c hapter 7 memory and training n.
Skip this Video
Loading SlideShow in 5 Seconds..
C hapter 7. Memory and Training PowerPoint Presentation
Download Presentation
C hapter 7. Memory and Training

C hapter 7. Memory and Training

109 Vues Download Presentation
Télécharger la présentation

C hapter 7. Memory and Training

- - - - - - - - - - - - - - - - - - - - - - - - - - - E N D - - - - - - - - - - - - - - - - - - - - - - - - - - -
Presentation Transcript

  1. Chapter 7. Memory and Training • OVERVIEW • Working memory – temporary, attention-demanding store toretain new info until we use it examine, evaluate, transform, compare, mental arithmetic, predict hold new info until encoding it into long –term memory • Long-term memory – storehouse of facts about the world and how to do things • memory – three stage presentation • encoding – the process of putting things into memory system • storage – the way in which information is held or represented in the two memory systems • retrieval – our ability to access information in memory (forgetting) Working memory Verbal Retrieval Spatial Encoding (Learning and training) Storage Long-term memory Procedural, declarative organization, mental models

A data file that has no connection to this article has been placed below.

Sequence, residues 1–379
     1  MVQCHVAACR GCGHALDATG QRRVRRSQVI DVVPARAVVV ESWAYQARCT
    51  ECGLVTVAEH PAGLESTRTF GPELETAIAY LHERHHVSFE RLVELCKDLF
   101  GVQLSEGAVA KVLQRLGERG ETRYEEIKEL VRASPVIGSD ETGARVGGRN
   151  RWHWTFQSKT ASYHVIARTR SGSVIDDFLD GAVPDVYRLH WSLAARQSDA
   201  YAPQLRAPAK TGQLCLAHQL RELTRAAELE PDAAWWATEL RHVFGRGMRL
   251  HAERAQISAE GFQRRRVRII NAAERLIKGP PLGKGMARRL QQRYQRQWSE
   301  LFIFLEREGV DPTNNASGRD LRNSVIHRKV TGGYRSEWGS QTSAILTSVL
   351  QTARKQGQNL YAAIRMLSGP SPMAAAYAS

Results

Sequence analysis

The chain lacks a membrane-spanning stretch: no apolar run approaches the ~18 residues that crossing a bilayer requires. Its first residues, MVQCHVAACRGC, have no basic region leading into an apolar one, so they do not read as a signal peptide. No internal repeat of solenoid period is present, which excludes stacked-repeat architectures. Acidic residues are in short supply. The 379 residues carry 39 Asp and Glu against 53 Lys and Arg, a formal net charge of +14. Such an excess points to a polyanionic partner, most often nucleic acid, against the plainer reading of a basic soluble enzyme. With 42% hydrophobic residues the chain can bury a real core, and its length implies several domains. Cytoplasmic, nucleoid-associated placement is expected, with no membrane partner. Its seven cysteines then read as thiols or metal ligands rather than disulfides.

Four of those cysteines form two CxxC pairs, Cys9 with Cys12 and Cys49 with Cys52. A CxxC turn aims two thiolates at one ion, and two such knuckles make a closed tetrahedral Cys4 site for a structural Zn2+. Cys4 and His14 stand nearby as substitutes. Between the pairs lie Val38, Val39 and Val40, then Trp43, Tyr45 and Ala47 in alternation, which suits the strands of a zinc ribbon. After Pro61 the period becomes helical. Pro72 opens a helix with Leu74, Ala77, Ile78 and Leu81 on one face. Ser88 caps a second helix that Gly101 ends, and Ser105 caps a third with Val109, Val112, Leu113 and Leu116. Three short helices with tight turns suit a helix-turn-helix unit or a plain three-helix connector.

2. WORKING MEMORY • three core components • verbal component • phonological store – info in linguistic form, words and sounds • articulatory loop – rehearsed by articulating words and sounds • spatial component – visuospatial sketchpad • info in an analog, spatial form, often typical of visual images • stores info in a particular form, or code • central executive – controls WM activity and assigns attentional resources to subsystems • Code Interference • verbal-phonetic and visual-spatial codes function cooperatively than competitively • Brooks (1968) -- tasks should be designed so that the disruption by different concurrent activities does not occur (the greater resource competition with spatial working memory in the spatial response condition produced greater interference and vice versa) • Interference in the Central Executive • four core functions of the central executive (Baddeley, 1996) • to coordinate performance on multiple tasks • to temporarily hold and manipulate information stored in LTM • to change retrieval strategies from LTM • to attend selectively to stimuli